I’ve been testing the iPad Pro for medical uses in the hospital and for clinical workflows this past week. When I initially started using the iPad Pro I was skeptical — mainly based on the massive size of the device. But over the past week I’ve been impressed by how iOS works on iPad Pro and how there are several potential uses in the clinical workflow — I’ll get into how Epic‘s EHR works on the iPad Pro in subsequent articles.

But my main disappointment so far has been in the lack of Google docs functionality for iPad Pro. I’m a huge fan of Google Docs for medical literature writing — something I’ve written about before. I love how you can use Google Scholar to track your publication history and citations as well.

So when I started testing the iPad Pro for writing medical literature articles I was disappointed in the lack of the following features:

No ability to insert links: If you have a hyperlink you want to insert, such as for a bibliography, you can’t do that in the Google Docs app.

No ability to use the “add-ons” or Tools functionality: This is one of my favorite features of Google Docs when writing medical literature — it makes citing literature extremely easy. I explain how this works on the desktop version in the following video:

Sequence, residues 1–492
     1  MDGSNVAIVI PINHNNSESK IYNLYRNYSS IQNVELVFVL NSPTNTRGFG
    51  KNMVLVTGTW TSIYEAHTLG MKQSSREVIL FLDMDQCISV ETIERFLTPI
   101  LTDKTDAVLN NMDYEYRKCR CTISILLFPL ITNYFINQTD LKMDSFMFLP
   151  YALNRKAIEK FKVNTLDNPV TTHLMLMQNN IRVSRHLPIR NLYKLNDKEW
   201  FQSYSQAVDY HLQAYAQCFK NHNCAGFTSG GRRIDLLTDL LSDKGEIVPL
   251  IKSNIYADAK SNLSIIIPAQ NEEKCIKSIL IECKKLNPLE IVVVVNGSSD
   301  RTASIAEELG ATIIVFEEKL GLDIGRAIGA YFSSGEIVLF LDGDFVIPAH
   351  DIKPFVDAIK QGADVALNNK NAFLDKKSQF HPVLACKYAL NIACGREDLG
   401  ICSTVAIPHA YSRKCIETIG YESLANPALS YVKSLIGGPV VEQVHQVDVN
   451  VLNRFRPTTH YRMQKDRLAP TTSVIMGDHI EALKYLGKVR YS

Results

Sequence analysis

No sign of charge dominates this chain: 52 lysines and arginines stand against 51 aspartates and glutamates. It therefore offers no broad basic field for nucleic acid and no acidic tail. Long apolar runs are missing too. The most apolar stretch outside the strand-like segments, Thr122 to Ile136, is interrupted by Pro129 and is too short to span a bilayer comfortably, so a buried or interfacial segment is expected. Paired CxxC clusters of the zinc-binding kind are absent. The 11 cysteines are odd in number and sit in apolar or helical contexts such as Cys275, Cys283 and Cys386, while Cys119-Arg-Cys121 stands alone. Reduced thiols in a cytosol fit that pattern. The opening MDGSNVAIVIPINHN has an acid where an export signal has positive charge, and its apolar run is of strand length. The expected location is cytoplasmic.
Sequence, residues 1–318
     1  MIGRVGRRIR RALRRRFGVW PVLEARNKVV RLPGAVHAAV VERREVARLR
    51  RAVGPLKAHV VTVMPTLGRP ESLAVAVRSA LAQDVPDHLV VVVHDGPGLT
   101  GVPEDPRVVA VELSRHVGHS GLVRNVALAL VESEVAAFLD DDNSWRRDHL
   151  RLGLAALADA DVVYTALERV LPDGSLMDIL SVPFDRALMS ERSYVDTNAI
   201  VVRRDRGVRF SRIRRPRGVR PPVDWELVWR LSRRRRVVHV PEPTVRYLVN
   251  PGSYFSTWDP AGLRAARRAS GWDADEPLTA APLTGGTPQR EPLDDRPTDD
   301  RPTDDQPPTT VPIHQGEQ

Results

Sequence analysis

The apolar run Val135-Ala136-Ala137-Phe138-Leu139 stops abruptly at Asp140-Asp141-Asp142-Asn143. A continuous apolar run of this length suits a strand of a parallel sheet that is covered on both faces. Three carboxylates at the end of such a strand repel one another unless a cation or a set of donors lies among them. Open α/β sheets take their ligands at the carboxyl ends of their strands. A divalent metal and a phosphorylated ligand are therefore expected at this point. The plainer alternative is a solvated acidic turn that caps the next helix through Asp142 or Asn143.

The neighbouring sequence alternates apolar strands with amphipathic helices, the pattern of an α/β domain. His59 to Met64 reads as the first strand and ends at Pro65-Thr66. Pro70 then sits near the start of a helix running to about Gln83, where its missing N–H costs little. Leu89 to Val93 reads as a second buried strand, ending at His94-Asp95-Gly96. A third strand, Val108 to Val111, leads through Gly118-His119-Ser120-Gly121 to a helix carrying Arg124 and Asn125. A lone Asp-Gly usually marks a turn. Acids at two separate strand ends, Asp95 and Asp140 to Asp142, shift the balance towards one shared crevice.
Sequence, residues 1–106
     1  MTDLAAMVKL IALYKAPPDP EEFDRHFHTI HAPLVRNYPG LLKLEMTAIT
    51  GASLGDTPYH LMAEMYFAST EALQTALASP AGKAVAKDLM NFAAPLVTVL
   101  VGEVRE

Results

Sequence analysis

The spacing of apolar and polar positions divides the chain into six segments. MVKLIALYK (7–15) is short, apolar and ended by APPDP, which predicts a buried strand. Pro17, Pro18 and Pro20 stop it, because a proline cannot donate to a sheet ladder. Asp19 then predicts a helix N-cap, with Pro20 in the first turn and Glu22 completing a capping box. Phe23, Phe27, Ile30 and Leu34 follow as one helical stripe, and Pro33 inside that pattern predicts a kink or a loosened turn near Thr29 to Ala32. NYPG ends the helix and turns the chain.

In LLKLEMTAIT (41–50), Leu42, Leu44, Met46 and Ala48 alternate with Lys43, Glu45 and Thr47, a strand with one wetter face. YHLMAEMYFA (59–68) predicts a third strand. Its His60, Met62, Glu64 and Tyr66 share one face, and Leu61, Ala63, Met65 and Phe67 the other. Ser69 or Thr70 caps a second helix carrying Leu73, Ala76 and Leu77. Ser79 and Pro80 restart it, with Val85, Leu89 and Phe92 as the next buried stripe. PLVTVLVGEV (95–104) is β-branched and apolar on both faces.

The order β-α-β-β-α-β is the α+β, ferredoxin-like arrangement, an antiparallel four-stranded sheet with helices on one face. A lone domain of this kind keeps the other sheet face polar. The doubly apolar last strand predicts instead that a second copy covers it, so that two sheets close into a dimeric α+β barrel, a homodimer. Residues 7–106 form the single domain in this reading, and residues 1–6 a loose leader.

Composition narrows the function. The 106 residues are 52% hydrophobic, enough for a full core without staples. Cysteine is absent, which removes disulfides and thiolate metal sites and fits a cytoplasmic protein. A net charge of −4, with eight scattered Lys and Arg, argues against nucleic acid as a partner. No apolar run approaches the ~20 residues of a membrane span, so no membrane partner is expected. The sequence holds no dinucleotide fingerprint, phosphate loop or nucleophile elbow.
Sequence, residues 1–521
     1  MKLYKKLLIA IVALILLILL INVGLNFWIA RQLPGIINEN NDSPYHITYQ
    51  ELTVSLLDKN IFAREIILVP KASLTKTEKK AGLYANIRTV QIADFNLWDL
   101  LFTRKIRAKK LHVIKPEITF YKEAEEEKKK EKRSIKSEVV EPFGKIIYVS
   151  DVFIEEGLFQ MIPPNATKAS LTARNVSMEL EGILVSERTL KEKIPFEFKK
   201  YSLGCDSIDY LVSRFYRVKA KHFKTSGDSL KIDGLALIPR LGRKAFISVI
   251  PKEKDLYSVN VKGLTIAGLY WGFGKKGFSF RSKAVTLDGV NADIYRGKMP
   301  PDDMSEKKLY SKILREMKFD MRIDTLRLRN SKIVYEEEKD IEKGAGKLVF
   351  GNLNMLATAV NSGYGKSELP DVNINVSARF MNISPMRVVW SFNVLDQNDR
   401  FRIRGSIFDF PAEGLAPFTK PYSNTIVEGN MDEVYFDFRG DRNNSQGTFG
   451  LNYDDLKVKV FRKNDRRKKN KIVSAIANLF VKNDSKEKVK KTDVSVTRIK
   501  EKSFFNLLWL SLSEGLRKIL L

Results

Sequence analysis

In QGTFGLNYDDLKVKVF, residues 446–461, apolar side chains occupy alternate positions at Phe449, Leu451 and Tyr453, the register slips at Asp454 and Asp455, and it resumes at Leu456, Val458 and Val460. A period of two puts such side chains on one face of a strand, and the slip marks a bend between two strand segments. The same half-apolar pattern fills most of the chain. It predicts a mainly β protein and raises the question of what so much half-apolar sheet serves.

No ability to see revision history: This is particularly useful when your research article has undergone a few rounds of revisions or if someone has accidentally taken out a paragraph or a line you wanted to actually keep.

Lack of comments view: Technically, you can insert comments in the Google Docs app version, but you can’t easily view them. I tend to use comments a lot when collaborating with a group. Not having the ability to easily seeing all the comments at once when you open your article makes this functionality useless.

Lack of “Suggestions” mode: In Google Docs you can change the mode to “Suggesting”. This is useful when someone is reviewing your article and you don’t want to use the revision history feature. You can choose to approve their suggestions or decline them.

Obviously, many medical professionals still use Microsoft Word for collaborating when writing medical literature.  I’ve read that Microsoft’s Word app is great on the iPad Pro, but I’ll be testing this out later to see if it has the key features required for collaborating on research articles.

Next week I’ll get into the following features of iPad Pro for medical uses: Epic Electronic Health Record capability.

google docs ipad pro article

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